“Bryce…is dead?” No. He couldn’t be! Not her big brother, who had always been there for her. Who had faced down their parents when she came out as bisexual in high school, telling them if they had a problem with Maureen, then they had a problem with him, too. Smart, handsome, headstrong Bryce, who had always been able to make her laugh, even when things had been at their worst, with her body giving her signals she couldn’t interpret. Bryce, who had married his high-school sweetheart and made sure she danced with both him and Maureen at their wedding.
“What about Kathleen?” Beautiful, vivacious Kathleen, who had given her boyfriend’s tall, gawky sister advice about clothes and makeup and boys, never hinting that she might have better things to do. Who had helped her deal with her own conflicting urges until she grew into her body and found Janice.
“She’s alive.” But her hopes were dashed with the doctor’s next words. “But she’s in surgery right now, and if she survives…” he trailed yalova escort off wearily, and Maureen wondered how many times he’d been forced to have conversations like this. “Her injuries are very traumatic, Miss Lawrence. I’ll do you the courtesy of being honest. It’s only a matter of time. Their car was thrown into a utility pole. Between the internal damage and the head trauma, it would take a miracle for her to ever regain consciousness.”
“Brandon,” she whispered, gripping Janice’s hand tight. Would her nephew be taken from her as well?
But Dr. Young brightened a little, happy at last to impart some good news. “Ah. The little boy? Well, he was knocked about a bit. But he was strapped into his car seat nice and tight, and he was on the right side of the car. So he should be just fine. Would you like to see him?”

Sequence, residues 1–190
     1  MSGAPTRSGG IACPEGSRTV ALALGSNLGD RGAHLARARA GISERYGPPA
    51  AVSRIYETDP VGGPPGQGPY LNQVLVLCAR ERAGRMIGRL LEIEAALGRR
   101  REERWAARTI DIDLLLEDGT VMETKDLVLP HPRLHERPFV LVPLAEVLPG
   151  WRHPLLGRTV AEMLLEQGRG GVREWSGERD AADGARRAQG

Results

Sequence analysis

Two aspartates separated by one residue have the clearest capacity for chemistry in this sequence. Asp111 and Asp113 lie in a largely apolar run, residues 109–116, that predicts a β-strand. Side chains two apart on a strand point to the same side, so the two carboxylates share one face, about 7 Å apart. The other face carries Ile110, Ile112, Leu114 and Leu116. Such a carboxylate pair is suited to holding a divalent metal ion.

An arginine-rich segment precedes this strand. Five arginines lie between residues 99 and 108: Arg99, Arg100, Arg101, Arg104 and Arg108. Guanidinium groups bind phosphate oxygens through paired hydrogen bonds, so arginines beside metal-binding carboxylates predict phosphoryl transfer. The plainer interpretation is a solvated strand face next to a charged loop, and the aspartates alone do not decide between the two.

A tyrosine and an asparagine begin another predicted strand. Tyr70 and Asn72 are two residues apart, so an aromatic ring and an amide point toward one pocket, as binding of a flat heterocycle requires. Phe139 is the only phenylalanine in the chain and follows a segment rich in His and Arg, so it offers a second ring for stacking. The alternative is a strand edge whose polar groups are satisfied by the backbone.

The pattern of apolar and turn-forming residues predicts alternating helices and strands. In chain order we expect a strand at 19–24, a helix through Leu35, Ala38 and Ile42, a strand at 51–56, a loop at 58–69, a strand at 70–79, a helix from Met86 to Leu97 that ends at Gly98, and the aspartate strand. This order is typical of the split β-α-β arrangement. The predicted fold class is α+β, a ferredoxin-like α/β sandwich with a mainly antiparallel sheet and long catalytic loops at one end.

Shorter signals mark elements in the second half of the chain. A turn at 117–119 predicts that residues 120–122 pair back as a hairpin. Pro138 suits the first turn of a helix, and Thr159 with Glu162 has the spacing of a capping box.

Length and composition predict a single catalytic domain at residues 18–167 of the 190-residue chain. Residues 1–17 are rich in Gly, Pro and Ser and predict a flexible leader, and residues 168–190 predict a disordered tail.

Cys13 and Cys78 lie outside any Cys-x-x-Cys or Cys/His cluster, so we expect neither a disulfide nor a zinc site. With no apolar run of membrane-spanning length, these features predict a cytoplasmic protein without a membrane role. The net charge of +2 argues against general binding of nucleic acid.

She stood up so quickly she knocked her chair over. “Yes. Where is he?”
Young led them down a hall, harshly lit with fluorescent lights and filled with the stale, antiseptic smell all hospitals seemed to share, to a small, private room. Obviously meant for children, it was carpeted, with bright pillows and old coloring books strewn about. Inside, a small, black-haired boy slept on a cot, a bandage on his forehead, just above his left eyebrow.
“We had to put a couple of stitches in,” Young said, his voice soft. “He took a nasty knock when the car hit the pole. There were a few scratches from the glass, and he’ll have an impressive collection of bruises. But otherwise he’s fine. How old is he?”
“Three,” she said, her voice choked. Tears dripping down her face, she pulled Brandon into her lap, hugging him close. He made a small, inarticulate noise of protest in his sleep, but then settled down, cuddling close to her body. Her tears fell onto his cheek, and she wiped them away with shaking fingers.
“What do you need, honey?”
She laughed, short and bitter, blinking back the tears. “To wake up. But since this probably isn’t a nightmare, can you call my folks? We need…” Sobs threatened to overcome her fragile self-control. “We need to tell my parents my brother is dead. And that Kathleen is hurt bad. I hope they know how to get hold of Kathleen’s family. Because I sure don’t.”
“Another officer was sent to contact Mrs. Lawrence’s family,” Dr. Young said from his position near the door. “But we reached out to you first, since the card we found in your brother’s…effects…listed you as next of kin for Brandon here.”
Next of kin. It sounded so cold. But now the full weight hit her. When Bryce and Kathleen had asked her to be Brandon’s guardian, in case anything happened to them, she had agreed without a second thought. Surely, nothing could happen to that bright, shining couple, so full of life and joy. Surely, it was merely a precautionary measure, the same way she took her birth-control pills every morning, even though she and Janice had been exclusive with each other for nearly two years, much to the silent displeasure of her parents.